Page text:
April 20, 2016
Late one evening I and my colleagues were returning home from work. A traffic police stopped us to check for drunk driving, or ma-pa-se check. He inserted a new straw pipe in his breathalyser and asked my colleague who was riding the motorbike to blow into it. I was pleased that the policeman was using a breathalyser instead of trying to nasally smell my friendâ€™s breath, which is what most police officials do during such checks.
Then, the policeman who had tested my friend disconnected the straw pipe from the breathalyser and tossed it on the road. There were other used plastic pipes lying about. I had not expected a policeman in uniform to behave like this.
A few days later, while I was riding the motorbike, I was stopped at the same check point. Like the last time, the cop asked me to blow into a breathalyser. When I did so, he looked at the reading and was about to toss the pipe again when I stopped him. I told him to maintain cleanliness and not contribute to pollution. So he held the pipe in his hand until we left. I donâ€™t know what he did with it afterwards.
In yet another incident, I was driving home on a motorbike when I confronted a jaywalker. He was crossing the road by jumping over the concrete fence in between. I took him aside and asked him to behave responsibly. Just then a government vehicle stopped in the middle of the road to drop an employee and then zoomed away.
I approached the bureaucrat and said: â€œSir, it doesnâ€™t suit a government official to breach traffic rules.â€ He had seen me argue with the jaywalker. Another government officer pulled him away and said â€œlet these people complain, nothing will happen.â€ It was then that I felt totally helpless and frustrated.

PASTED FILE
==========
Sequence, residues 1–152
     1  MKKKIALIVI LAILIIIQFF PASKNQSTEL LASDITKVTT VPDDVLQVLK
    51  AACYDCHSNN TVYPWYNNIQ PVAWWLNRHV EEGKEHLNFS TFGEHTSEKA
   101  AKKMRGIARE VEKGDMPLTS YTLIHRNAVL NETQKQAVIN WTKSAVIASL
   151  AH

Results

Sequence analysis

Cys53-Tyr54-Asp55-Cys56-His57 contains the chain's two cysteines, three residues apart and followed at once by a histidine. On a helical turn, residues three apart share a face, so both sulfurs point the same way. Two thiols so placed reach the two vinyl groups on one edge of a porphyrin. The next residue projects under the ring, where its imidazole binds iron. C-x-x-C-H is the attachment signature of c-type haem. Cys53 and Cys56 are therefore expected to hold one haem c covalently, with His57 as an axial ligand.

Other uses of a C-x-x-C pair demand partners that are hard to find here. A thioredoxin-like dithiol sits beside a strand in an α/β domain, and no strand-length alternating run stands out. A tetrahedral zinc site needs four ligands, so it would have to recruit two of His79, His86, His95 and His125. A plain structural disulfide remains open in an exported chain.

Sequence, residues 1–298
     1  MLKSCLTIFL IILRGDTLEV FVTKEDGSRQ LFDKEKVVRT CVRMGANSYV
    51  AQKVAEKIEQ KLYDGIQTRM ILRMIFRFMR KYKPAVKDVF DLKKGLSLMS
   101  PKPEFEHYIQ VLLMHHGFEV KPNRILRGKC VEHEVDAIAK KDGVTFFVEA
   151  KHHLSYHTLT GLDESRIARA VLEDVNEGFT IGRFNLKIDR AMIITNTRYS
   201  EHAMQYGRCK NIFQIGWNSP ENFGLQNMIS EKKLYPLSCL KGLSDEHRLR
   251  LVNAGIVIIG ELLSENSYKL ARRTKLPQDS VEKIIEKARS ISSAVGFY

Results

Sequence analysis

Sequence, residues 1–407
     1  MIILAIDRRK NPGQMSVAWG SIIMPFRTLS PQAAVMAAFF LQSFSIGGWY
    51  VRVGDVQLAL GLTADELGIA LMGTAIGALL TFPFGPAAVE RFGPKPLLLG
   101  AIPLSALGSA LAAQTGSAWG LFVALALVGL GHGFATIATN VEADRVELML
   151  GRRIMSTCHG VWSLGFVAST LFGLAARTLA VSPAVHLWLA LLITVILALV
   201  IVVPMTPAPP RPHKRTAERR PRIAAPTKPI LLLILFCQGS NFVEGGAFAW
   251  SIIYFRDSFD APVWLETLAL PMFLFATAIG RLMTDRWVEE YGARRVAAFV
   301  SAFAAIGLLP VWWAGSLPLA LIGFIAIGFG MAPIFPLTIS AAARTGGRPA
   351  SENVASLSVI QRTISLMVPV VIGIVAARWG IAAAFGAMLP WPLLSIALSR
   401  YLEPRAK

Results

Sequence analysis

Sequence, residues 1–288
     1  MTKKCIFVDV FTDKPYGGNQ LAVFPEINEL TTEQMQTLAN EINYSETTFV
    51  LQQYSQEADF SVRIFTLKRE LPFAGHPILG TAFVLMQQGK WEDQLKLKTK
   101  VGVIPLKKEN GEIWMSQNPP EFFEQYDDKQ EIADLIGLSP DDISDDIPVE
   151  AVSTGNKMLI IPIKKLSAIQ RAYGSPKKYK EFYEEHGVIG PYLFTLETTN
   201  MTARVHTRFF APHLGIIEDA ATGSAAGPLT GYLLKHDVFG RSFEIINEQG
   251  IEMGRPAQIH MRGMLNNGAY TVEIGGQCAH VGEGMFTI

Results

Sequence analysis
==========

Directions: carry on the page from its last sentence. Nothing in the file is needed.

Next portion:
There are places where being responsible and following the rules make you feel stupid in Nepal. Waiting for public transport at many of the bus stops makes you feel silly because no buses stop there. Only an idiot in Nepal would wait for the passing vehicles to stop and allow you to cross the road from zebra-crossings. Keeping the paper-plate into your pocket after having chatpate instead of littering the street welcomes surprising stare from people around you.
We are busy blaming the â€˜systemâ€™ for the mess in the country. But we do not for a moment stop and consider that we too are part of the system that we curse. Unless we become responsible, nothing will change, no matter how many billions in foreign aids we receive from wealthy nations.
I agree that a lot of things need to change here and that it is not easy. Our country looks like a puzzle, with everything out of order. But since we are the part of this puzzle we need to start by doing our bit to solve this riddle.
Here is an irony. A taxi driver calls traffic police corrupt when a policeman fines him for breaching a traffic rule. But the same taxi driver tampers his meter to fleece the passengers. Similarly, cooking gas supplier blames the government for misrule but he himself sells the gas cylinder at double the going rate. The cycle continues.
You must have noticed hundreds of brochures on the streets outside Supreme Court premises. They were distributed during the recent election of Nepal Bar Association. We have also seen the mess created by the haphazardly dropped pamphlets and brochures both in and outside SLC examination centers, offering this or that bridge course. We do not speak out against such public littering.
We have all contributed to jeopardizing the system but we never stop complaining. Civilized citizenry plays a vital role in institutionalizing democracy and contributing to national development. The next time you blame others for the mess, please check if you are behaving responsibly.